Lawsuits Filed Against Stores Selling E-Cigarettes

Three lawsuits were filed on Thursday against local stores selling e-cigarettes after some smokers suffered severe burns when their e-cigarettes exploded in their faces.

The attorney representing the plaintiffs said they would go after the manufacturers of the devices, but most of them are in China and shielded from civil litigation.

Vicente Garza, 23, said his electronic cigarette blew up while he was in the bathroom resulting in the loss of a finger, burns to his face, his speech permanently altered.

"It was pretty loud. My whole family woke up," he said. "I grabbed a towel and put it to my mouth because it was bleeding quite a bit."

Other cases involved an e-cigarette exploding next to a man's face, sending part of the device blasting through his cheek.

Another suffered severe burns to his legs when an e-cigarette blew up in his pocket.

All three cases have been combined in a lawsuit filed against three e-cigarette shops in Southern California.

"The phone is ringing off the hook," said attorney Gregory Bentley. "This is happening all over the country."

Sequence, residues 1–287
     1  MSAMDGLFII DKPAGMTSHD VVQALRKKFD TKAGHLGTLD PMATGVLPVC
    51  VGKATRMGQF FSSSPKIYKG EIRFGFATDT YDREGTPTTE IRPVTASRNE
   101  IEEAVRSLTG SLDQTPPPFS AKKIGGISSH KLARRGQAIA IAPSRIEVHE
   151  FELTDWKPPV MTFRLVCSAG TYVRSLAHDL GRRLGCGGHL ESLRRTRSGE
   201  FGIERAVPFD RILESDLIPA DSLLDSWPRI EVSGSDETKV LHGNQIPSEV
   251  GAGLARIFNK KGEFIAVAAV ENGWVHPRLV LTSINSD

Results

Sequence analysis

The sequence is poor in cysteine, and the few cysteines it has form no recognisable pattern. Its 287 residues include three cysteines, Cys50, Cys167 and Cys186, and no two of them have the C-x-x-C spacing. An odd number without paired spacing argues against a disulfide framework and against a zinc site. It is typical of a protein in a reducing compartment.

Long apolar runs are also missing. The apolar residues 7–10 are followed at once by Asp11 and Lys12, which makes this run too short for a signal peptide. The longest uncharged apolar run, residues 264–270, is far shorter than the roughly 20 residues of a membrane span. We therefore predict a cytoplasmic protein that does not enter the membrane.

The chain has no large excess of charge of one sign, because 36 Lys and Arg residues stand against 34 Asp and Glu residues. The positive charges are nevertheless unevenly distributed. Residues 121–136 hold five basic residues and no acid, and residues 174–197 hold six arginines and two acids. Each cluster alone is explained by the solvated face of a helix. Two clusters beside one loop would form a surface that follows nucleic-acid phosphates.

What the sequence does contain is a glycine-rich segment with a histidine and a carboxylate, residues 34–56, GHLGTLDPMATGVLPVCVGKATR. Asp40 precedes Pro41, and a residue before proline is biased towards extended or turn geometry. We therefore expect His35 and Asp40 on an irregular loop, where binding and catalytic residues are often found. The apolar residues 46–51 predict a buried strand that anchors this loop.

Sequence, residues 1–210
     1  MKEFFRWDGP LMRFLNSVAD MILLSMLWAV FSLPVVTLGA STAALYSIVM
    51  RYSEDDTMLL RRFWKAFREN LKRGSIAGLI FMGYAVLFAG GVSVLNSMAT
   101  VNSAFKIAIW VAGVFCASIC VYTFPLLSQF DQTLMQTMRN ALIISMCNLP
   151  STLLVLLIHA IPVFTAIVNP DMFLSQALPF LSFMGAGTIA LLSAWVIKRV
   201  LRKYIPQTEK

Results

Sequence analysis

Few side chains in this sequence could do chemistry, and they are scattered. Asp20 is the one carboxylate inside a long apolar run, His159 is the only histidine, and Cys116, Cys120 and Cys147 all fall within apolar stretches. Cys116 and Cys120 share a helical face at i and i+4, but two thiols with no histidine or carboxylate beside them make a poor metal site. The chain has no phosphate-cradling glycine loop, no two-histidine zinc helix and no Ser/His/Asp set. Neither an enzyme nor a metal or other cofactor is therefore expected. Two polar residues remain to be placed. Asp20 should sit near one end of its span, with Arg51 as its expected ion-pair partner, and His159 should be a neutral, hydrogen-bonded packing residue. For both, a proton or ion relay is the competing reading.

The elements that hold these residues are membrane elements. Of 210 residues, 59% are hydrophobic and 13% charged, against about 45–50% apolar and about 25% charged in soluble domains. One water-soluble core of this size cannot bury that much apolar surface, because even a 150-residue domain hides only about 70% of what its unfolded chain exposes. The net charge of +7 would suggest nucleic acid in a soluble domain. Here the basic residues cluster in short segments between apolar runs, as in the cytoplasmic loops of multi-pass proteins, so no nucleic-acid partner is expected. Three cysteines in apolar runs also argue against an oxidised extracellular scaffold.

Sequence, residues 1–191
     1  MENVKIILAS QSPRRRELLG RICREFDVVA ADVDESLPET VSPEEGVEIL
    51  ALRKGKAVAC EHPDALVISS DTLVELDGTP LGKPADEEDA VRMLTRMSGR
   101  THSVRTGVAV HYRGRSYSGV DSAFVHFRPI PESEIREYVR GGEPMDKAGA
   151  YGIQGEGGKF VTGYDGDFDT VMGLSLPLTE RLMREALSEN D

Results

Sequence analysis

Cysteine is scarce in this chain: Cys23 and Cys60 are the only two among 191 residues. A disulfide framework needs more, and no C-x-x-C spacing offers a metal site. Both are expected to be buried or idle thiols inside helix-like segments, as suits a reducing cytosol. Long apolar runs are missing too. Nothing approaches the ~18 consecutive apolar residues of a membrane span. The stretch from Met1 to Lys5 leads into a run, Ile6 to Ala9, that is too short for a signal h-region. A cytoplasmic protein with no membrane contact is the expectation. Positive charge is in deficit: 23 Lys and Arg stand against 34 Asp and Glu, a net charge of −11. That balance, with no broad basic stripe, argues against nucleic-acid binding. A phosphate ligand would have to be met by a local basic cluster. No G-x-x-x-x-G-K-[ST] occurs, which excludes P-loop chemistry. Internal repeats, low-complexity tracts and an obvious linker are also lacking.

In a separate case in Florida last month, an e-cigarette exploded in the face of a man, sending part of the device down his throat.

At issue is the battery and heating element that turn the tobacco-like fluid into a vapor, Bentley said.

"These explosions are occurring because the batteries are overcharging," he said. "It is all about education."

Richard Lubas, of the Vape Theory in Glendale, said e-cigarettes are safe, so long as they are used in accordance to manufacturer guidelines.

"That is just following the education of the people at the store where you are buying your equipment from," he said.

One maker, Ever Smoke, assures on its website that the vast majority of e-cigarettes will not explode in your face.

Bentley said if that's true they should put that on the package.

"If they are going to put on a package, 'be careful, this could explode in your face,' Who is going to buy that?"

His client offers his own warning.

"It can be dangerous," Garza said. "It is not something to play around with."

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